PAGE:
Our regular columnist Mr Brian Bilal Mwebaze is back with his regular column. This time he's talking about the milestones that have influenced change in Africa while focusing on the things that still require immediate attention. His column is challenging the current status quo not mainstreaming youth in road safety decisions and calls upon all to do so.
I think we’re sick and tired of mentioning road traffic injuries to be the eighth leading cause of death globally, with an impact similar to that caused by many communicable diseases, such as malaria. Sadly, they are still the leading cause of death for young people aged 15–29 years; a fact that should scare the hell outta you noting the heavy toll road traffic crashes have on us as we announce our arrival in our most productive years.
Africa continues to have the most dangerous roads in the world, with the risk of death from road traffic injury being highest on the continent (24.1per 100 000 population), and lowest in Europe (10.3 per 100 000). Road Traffic Crashes play the chameleone game most often finding us in places where we obviously chill. Half of the world’s road traffic deaths occur among motorcyclists (23%), pedestrians(22%) and cyclists (5%) – i.e. “vulnerable road users” – with 31% of deaths among car occupants and the remaining 19% among unspecified road users.Young adults aged between 15 and 44years account for 59% of global road traffic deaths and more than three quarters (77%) of all road traffic deaths occur among men (WHO, 2014).
After a lot of negotiations, and convincing the organizers, I was invited to participate in the Mid-Term Review of the African Road Safety Action Plan from 9-10 July 2015 in Addis Ababa, Ethiopia; an event that was better publicized as the #3AfricaRS on social media and Third African Road Safety Conference in traditional media. But, how have young people been meaningfully involved at Continental level in road safety activities? The jaw dropping question is, ‘What impact have we achieved?’
Perhaps, the most remembered event is the African Road Safety Conference that was held in Accra, Ghana in February 2007. The conference made several recommendations related to road safety institutions; data; education; management; policy harmonization; partnership and collaboration. The recommendations also covered rural road safety; national road safety targets; as well as actions that were considered as “quick wins”, particularly the enforcement of road safety legislation related to speed control, drink-driving, and use of helmets, among others. No pre-conference youth consultation was conducted.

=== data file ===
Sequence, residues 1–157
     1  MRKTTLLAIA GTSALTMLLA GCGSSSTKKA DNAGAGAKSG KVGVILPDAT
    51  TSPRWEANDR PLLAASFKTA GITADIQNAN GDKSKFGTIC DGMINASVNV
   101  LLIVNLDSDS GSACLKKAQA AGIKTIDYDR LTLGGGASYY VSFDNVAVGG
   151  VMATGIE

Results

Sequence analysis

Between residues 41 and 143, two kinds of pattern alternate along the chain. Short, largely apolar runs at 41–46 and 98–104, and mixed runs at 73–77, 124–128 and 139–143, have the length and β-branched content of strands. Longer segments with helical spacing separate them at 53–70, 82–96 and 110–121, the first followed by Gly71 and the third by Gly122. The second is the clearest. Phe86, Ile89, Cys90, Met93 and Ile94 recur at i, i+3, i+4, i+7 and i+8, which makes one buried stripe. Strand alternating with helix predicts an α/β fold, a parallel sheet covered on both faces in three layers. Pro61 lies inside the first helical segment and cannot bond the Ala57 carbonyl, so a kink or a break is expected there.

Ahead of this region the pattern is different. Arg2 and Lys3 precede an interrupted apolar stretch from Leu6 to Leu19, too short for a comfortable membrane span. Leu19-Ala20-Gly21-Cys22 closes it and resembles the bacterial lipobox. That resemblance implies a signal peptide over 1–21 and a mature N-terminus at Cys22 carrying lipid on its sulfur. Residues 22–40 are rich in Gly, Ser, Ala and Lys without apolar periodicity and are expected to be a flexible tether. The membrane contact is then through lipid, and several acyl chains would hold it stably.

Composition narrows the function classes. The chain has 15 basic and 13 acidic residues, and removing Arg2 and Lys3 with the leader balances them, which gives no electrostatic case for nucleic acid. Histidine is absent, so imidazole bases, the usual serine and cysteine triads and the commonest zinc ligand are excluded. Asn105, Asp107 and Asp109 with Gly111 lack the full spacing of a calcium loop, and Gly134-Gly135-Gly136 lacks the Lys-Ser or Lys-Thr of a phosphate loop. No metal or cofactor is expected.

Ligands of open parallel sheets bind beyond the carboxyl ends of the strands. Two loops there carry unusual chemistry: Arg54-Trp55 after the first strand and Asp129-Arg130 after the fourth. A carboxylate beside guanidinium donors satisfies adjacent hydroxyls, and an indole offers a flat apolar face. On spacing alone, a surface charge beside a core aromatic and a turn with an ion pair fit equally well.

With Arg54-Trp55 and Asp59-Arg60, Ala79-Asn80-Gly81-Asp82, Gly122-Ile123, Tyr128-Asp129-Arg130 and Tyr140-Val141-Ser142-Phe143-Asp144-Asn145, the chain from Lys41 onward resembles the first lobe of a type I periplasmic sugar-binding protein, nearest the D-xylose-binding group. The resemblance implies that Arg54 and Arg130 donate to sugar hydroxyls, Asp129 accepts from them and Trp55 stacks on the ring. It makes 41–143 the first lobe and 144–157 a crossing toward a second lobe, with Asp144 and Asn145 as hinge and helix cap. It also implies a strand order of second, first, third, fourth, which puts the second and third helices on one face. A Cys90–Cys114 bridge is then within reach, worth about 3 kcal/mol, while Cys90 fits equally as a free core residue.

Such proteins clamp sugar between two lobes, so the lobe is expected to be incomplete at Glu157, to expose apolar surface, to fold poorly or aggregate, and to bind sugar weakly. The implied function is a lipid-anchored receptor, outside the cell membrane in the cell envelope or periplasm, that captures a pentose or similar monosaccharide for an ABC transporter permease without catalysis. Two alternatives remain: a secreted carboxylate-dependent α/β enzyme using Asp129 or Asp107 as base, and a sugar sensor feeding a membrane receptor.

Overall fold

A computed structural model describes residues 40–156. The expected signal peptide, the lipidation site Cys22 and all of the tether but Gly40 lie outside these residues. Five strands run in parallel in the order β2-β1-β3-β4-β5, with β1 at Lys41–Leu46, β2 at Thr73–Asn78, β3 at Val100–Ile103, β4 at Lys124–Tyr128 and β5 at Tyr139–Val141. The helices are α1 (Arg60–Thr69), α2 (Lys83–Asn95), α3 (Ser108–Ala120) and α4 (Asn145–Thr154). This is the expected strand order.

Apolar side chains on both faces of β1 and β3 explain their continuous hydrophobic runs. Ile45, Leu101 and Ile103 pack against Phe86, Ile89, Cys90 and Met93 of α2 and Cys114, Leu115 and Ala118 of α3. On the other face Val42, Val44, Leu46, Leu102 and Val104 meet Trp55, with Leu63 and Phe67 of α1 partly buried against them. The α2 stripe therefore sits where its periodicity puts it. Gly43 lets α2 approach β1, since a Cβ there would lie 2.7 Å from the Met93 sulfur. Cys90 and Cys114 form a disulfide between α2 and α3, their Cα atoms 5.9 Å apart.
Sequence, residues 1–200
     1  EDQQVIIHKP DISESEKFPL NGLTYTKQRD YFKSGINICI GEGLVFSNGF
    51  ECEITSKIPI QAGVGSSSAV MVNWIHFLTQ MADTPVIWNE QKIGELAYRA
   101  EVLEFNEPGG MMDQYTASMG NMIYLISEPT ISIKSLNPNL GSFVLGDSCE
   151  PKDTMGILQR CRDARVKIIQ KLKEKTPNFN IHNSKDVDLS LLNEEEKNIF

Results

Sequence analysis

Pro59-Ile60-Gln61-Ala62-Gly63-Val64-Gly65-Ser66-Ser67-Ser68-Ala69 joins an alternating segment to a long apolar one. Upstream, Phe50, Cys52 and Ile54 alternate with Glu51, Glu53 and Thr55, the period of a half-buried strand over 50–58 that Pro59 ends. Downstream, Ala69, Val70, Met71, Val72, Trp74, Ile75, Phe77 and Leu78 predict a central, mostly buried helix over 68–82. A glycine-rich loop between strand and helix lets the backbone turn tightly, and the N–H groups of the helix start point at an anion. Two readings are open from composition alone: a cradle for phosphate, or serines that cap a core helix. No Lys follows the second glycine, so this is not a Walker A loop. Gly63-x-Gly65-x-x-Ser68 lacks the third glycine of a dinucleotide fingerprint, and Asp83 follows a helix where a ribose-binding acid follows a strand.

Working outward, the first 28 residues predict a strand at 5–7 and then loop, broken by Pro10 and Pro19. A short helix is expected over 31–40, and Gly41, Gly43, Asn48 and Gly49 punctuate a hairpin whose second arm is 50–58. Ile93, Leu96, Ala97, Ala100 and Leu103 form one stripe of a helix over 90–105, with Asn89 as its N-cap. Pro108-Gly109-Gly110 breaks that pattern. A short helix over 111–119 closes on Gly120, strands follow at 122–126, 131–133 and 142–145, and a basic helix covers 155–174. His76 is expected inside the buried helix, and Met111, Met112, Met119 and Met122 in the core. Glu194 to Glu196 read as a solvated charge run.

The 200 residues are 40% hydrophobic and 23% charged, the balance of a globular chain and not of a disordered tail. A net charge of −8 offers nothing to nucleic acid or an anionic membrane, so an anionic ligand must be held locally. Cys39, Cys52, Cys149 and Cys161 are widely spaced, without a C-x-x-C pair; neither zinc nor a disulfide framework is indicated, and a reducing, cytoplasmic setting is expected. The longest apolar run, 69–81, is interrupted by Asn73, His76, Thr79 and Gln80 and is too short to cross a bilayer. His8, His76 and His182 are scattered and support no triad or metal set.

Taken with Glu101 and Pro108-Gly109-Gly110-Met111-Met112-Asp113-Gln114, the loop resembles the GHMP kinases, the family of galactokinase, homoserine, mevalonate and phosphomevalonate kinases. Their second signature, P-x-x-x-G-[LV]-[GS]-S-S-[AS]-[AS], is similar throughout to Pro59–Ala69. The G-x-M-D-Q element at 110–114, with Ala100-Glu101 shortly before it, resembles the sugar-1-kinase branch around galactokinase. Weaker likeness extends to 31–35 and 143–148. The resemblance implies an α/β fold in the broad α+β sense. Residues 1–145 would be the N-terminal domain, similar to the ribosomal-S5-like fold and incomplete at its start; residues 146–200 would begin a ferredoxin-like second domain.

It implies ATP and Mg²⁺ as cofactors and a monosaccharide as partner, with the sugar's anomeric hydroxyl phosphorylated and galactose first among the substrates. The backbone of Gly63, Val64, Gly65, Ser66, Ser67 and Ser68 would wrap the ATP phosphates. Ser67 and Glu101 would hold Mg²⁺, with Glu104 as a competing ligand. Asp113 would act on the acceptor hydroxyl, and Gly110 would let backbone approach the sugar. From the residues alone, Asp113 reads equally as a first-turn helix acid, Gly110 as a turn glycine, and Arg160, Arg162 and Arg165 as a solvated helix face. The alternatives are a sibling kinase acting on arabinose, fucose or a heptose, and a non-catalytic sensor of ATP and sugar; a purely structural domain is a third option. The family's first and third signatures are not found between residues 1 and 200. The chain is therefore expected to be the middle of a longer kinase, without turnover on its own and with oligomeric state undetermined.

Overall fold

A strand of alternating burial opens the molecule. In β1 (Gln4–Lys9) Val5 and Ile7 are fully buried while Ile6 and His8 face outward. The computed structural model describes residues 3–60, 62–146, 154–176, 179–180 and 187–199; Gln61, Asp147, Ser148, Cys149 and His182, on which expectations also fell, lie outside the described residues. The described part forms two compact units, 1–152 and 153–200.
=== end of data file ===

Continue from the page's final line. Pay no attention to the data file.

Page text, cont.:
But, young people’s voices begun to be heard at the African Regional Road Safety Seminar that was held in Dar es Salaam, Tanzania in July 2009 on the theme “Setting Road Safety Targets: A Way Forward for Reducing Accident Fatalities by Half by 2015” . This was a great milestone in road safety management in Africa as it developed and adopted targets and indicators to help track the implementation of the Accra recommendations. Young people’s participation in this event was partially as a result of the global preparations for the Youth Meeting on 18 November 2009 that culminated into Youth Declaration Moscow.
In the Second African Road Safety Conference, held in Addis Ababa in November 2011, which developed the Action Plan for the Decade by aligning the Accra recommendations and the Dar es Salaam targets and indicators with the 5 Pillars of the Decade:-about 12 young people participated. This was also catalysed by the first African Youth Assembly on Road Safety held in Niamey Niger. Needless to say, Youths for Road Safety earlier this year appointed Youth Champions for Road Safety in Africa in 14 African Countries.
Back to #3AfricaRS, organized by ECA in collaboration with the African Union Commission (AUC), African Transport Policy Programme (SSATP), the Global Road Safety Facility of the World Bank, the African Development Bank,the International Road Federation (IRF) and other partners, the conference aimed to ensure the effective participation of Africa at the mid-term review of the UN Decade of Action 2011-2015 Decade to be held in Brasilia in November 2015. African Young people do not have a clear structure to be in this global meeting and our participation may depend on luck herself. This shouldn’t be the case, as youth mainstreaming in road safety shouldn’t be undercooked.
However, these are issues that we might not be able to change immediately. African Young leaders in road safety must go back and act locally with public, private, academia partners to realize immediate impact especially in fields of Education as well as especially advocacy in the fields of Engineering and Enforcement for better roads. While a young person may not be enabled to participate in a high level meeting, he/she has the ability to turn his guns to his/her peers, hood, school, or University to make a difference. Procrastination shouldn’t be in our wardrobes. Let’s ACT MORE LOCALLY. #StaySafe